```
This is a collection of a few ideas. Let me see where it takes us.
It is probably too verbose since I am writing it as I think the question.
Maybe later I can shorten it and correct errors.
If you are hurried it is safe to scroll down to the last part, where there is
what I think is an answer to the OP's question.
```

I want to concentrate on differentiation and integration as symbolic operations.

For differentiation we can consider a class $E$ of functions-symbols that contains the constants (complex constants maybe), $x$, is closed under the arithmetic operations, and composition. We can throw in other function-symbols like $e^x$, $\ln(x)$ together with $x^{-1}$, or many others. But notice that for every new function-symbol we throw in $E$ we assume we know how to compute its derivative (we have a symbol for it). The minimal assumption of having the constants and $x$ gives us $E$ to be the polynomials. A larger option would be the elementary functions.

If differentiation is considered as an operation in the symbols in $E$ then it is, by the definition of $E$, an algorithmic operation. Given a function-symbol from $E$ (which by this act it is assumed to be formed from a few symbols for which we know the derivative and arithmetic and composition operations) we can compute its derivatives because the properties of differentiation cover the operations generating $E$. In principle, what might be hard is the question of whether a function belongs to $E$.

**Claim:** Integration is, at least, as hard as derivation. (maybe harder)

```
This is clear for the case of polynomials, which are always contained
in a reasonable minimal E.
```

**Observation:** The tentative claim that integration is harder than derivation is going to necessarily depend on $E$, since for $E$ being the polynomials both are simple operations.

```
_
```

Let us consider now constructing a domain, as we have have done for differentiation, that is adapted to the operation of integration. Consider $I$ to be a collection of function-symbols, that contains the constants, $x$, and possibly others $e^x$, $x^{-1}$, ... for which we assume we know their integrals. Assume that $I$ is closed by the following operations:

If $f$ and $g$ are in $I$,

- $af+bg\in I$ for any constants $a$ and $b$. And the operations:
- $f\oplus g:=fg'+f'g\in I$
- $f\otimes g:= (f\circ g)\cdot g'\in I$

An $I$ like this is a reasonable minimum domain in which to define integration. It is clear that in such an $I$, integration is algorithmic, for a given function written using these operations.

**Claim:** In $I$, derivation is simple if we assume $I$ contains the constants and either 2 or 3 are satisfied.

```
In fact, for a given f in I, its derivative is f'=fâŠ•1=1âŠ—f$.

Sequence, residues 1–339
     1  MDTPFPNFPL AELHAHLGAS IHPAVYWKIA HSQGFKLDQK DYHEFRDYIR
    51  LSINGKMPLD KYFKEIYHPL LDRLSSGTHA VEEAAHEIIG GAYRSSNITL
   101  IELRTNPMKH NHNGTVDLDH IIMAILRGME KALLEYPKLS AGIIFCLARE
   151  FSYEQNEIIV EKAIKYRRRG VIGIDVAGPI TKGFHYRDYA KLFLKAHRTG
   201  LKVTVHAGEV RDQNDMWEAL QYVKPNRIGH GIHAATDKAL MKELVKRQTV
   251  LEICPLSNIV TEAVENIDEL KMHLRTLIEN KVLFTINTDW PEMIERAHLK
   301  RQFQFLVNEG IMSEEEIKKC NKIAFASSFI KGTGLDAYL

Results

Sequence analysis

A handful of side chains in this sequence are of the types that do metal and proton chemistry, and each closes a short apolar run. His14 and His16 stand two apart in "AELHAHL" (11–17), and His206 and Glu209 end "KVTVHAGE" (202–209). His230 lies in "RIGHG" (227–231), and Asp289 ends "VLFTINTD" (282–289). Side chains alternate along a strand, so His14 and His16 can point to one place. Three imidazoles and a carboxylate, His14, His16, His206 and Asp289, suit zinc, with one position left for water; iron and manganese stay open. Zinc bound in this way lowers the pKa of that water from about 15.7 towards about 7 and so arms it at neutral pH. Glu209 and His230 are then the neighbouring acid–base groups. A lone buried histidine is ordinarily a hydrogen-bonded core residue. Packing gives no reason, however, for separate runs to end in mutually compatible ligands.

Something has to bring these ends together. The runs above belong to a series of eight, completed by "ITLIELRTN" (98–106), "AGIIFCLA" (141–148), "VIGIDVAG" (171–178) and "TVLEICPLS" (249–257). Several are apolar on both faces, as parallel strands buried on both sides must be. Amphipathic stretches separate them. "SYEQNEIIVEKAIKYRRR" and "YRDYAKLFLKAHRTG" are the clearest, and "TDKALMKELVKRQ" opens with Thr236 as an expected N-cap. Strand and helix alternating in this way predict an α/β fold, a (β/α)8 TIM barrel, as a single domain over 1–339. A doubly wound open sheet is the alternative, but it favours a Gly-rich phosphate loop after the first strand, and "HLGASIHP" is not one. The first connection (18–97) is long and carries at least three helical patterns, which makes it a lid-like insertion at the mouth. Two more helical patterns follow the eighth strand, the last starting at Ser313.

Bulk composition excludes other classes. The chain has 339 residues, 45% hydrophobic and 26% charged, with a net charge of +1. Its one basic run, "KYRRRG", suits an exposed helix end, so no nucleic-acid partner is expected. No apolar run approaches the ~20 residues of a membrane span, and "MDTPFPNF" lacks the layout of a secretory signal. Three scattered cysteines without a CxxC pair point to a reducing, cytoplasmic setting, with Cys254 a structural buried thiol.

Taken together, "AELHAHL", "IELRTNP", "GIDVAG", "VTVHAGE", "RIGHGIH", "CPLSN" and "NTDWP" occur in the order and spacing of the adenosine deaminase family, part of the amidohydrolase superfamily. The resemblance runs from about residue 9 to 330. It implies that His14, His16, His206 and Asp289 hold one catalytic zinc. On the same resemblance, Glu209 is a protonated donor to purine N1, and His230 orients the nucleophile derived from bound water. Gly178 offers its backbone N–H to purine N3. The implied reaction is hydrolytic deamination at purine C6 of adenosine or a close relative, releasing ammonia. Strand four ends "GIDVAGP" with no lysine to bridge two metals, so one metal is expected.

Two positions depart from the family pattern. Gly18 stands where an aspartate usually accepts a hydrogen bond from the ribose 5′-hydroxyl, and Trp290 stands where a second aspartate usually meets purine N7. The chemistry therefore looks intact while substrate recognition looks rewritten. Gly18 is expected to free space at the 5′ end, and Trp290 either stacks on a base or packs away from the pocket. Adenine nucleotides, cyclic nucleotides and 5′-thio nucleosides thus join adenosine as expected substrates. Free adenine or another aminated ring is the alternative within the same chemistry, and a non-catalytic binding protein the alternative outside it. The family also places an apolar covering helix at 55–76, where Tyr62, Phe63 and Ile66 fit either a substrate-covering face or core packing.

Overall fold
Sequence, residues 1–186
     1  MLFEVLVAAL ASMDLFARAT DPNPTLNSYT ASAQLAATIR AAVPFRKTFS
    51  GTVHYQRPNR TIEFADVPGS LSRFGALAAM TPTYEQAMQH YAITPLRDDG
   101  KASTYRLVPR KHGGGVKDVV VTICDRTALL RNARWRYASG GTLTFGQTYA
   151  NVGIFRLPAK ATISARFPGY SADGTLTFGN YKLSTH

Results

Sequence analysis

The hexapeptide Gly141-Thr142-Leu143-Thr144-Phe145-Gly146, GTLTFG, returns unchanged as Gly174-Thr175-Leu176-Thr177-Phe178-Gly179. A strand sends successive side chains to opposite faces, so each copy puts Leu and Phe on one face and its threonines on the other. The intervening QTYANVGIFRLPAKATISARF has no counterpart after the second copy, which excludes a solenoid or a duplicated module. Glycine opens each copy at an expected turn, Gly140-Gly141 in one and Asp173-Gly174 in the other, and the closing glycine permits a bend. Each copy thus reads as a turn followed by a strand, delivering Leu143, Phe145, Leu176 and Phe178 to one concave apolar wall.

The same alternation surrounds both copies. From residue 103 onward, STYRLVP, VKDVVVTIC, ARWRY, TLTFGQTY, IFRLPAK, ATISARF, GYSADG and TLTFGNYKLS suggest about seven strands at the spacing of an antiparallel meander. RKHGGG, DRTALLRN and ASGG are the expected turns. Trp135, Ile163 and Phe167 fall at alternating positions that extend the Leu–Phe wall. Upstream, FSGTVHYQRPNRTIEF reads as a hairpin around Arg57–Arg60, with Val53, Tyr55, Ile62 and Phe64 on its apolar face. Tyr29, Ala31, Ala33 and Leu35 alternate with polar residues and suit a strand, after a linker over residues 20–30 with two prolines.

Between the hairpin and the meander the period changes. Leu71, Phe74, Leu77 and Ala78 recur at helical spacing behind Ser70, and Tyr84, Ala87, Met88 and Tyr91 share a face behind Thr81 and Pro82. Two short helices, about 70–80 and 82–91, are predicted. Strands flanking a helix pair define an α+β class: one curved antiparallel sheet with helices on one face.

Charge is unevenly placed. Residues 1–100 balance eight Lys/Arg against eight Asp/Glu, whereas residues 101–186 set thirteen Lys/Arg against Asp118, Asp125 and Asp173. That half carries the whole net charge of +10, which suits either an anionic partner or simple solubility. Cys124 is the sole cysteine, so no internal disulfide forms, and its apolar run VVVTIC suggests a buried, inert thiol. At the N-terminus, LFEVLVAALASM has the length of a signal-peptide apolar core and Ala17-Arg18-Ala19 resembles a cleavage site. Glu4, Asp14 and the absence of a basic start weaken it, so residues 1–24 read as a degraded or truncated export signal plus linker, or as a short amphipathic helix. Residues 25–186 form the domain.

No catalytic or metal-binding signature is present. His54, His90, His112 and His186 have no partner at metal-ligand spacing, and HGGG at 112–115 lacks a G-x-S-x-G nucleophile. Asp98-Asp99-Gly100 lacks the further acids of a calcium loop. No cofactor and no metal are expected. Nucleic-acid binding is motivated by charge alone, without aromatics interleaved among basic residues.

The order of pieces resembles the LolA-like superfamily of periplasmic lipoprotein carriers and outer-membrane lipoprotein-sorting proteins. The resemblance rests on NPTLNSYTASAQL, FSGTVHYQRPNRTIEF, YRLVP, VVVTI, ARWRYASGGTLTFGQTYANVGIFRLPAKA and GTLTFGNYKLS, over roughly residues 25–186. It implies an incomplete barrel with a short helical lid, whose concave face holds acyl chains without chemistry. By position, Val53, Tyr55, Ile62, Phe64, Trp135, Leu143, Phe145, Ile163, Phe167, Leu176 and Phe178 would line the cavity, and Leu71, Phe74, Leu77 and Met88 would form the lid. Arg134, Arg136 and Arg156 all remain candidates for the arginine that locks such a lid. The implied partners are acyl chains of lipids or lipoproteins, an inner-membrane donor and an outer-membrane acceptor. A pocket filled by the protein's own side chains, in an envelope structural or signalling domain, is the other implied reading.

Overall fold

```

This means that just one basic operation in $I$ allows to compute derivatives.

```
_
```

**To translate the OP's question into another question:**

Given an $E$ we already have a way to define linear combinations with constants, $\oplus$ and $\otimes$, since these are defined using the operations allowed in $E$. So, for an $E$ to be an $I$ or to form out of it a $\subset I$ we would need to have an algorithm that checks whether an element of $E$ is an $I$ (can be written using function-symbols with function-symbols integrals, linear combinations with constants coefficients, $\oplus$, and $\otimes$).

We have that the existence of such an algorithm depends on the $E$, on the function-symbols available in it. For $E$ being the polynomials in $x$ it is clear we have such an algorithm and it is simple.

We have also that for some $E$ the problem is undecidable. From Richardson's theorem we know that if $E$:

- Contains $\ln(2),\pi,e^x,\sin(x)$
- Contains $|x|$ and
- Contains a function with no primitive in $E$

Condition $3$ is satisfied for the $E$-closure of the elementary functions together with $|x|$, since we can take $e^{x^2}$ to verify $3$.

The theorem is true because they manage to prove there is an elementary function (using also $|x|$) $M(n,x)$ which is identically to either $0$ or $1$ for each natural number $n$ but for which it is undecidable for every natural number $n$ whether it is identically $0$ or $1$. Given such a function then, if we could decide integration in $E$, then we could decide, for each natural number $n$, whether $f_n(x):=e^{x^2}M(n,x)$ is integrable or not. But this would tell us when $M(n,x)$ is zero or one, since $f_n(x)$ is integrable when $M(n,x)=0$ and non-integrable in $E$ when $M(n,x)=1$.

So, for certain classes $E$ we have that, while derivation is elementary (after having shown the function belongs to $E$), integration is undecidable. This already shows that integration is harder than derivation (the statement depending of course on the class of functions we want to integrate).

**Observation:** The undecidability of integration for the $E$ above is of course deeply related to having function-symbols in $E$ without primitive function-symbol in $E$. This trivially disappears if we close $E$ by throwing in it symbols for each primitive. On the other hand, the inconvenience is that this makes $E$ not being generated by finitely many symbols. This makes the problem of detecting when a function is represented by a symbol in $E$ even more complex. So, the reason why for this large $E$, if we are given a function which we know is in $E$ we can compute its integral, is because we are pretty much assuming that we can by assuming that the input is in $E$.

It remains then the question:

**Question:** How small can $E$ be such that integration is harder than derivation?